FLiP-1.2 : Logical Framework in Python
Jon Jacky
jon.p.jacky at gmail.com
Fri Jul 8 05:26:59 CEST 2011
FLiP-1.2, a logical framework in Python, has been released. Code,
documentation, and downloads are available:
http://staff.washington.edu/jon/flip/www/
http://pypi.python.org/pypi/FLiP/
https://github.com/jon-jacky/FLiP
Version 1.2 is organized into packages and provides a distutils
install. These may make FLiP easier to use and extend. It also
includes a case study based on the "She's a witch!" scene from Monty
Python and the Holy Grail. The functionality is the same as in version
1.0, as it was announced here in July 2009:
--------
FLiP is a logical framework written in Python. A logical framework is
a library for defining logics and writing applications such as theorem
provers. One Flip application is a proof checker for entering and
editing proofs in natural deduction style. Here is some output from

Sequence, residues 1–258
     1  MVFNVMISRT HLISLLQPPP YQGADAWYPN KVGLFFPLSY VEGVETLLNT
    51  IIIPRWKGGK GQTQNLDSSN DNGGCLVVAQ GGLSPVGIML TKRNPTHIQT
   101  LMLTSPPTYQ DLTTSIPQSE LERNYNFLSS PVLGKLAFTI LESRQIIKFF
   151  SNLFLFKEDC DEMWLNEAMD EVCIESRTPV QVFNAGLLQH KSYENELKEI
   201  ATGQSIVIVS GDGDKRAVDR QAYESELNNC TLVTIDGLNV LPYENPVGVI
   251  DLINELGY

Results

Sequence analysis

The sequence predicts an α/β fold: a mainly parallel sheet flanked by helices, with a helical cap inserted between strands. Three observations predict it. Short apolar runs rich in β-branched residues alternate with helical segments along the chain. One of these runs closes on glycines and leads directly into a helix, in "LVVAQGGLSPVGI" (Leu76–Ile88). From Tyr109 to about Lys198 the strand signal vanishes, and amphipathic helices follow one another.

the checker, generated from a Python proof script:
[(Text('~Ax.P(x) |- Ex.~P(x)'), comment),
(Not(A(x, P(x))), given),
(Not(E(x, Not(P(x)))), assume),
(New(x), new),
(Not(P(x)), assume),
(E(x, Not(P(x))), Ei, 4),
(F, contra, 5,2),
(Not(Not(P(x))), raa, 4,6),
(P(x), ne, 7),
(A(x, P(x)), Ai, 3,8),
(F, contra, 9,1),
(Not(Not(E(x, Not(P(x))))), raa, 2,10),
(E(x, Not(P(x))), ne, 11)]
The checker can use different logics; Flip comes with several. You
can add another logic, or add axioms and derived rules, by writing a
module in Python. Python is both the object language and the
metalanguage. Formulas, inference rules, and entire proofs are Python
expressions. Prover commands are Python functions. The Python
interpreter itself is the only user interface to the proof checker
application. (It is not necessary to know much Python to use the
checker.)
Flip was undertaken as a Python programming exercise. It is not
intended to compete with industrial-strength theorem provers such as
HOL nor with nicely-designed educational provers such as Jape. That
said, the checker is quite capable of working the examples and
exercises in university-level textbooks on logic for computer science
or mathematics (such as those by Kaye, Huth and Ryan, or Bornat).
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